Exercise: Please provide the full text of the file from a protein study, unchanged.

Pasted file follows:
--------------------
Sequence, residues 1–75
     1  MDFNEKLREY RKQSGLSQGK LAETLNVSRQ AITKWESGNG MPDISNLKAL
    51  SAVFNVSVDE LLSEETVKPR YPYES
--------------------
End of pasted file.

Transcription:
Sequence, residues 1–75
     1  MDFNEKLREY RKQSGLSQGK LAETLNVSRQ AITKWESGNG MPDISNLKAL
    51  SAVFNVSVDE LLSEETVKPR YPYES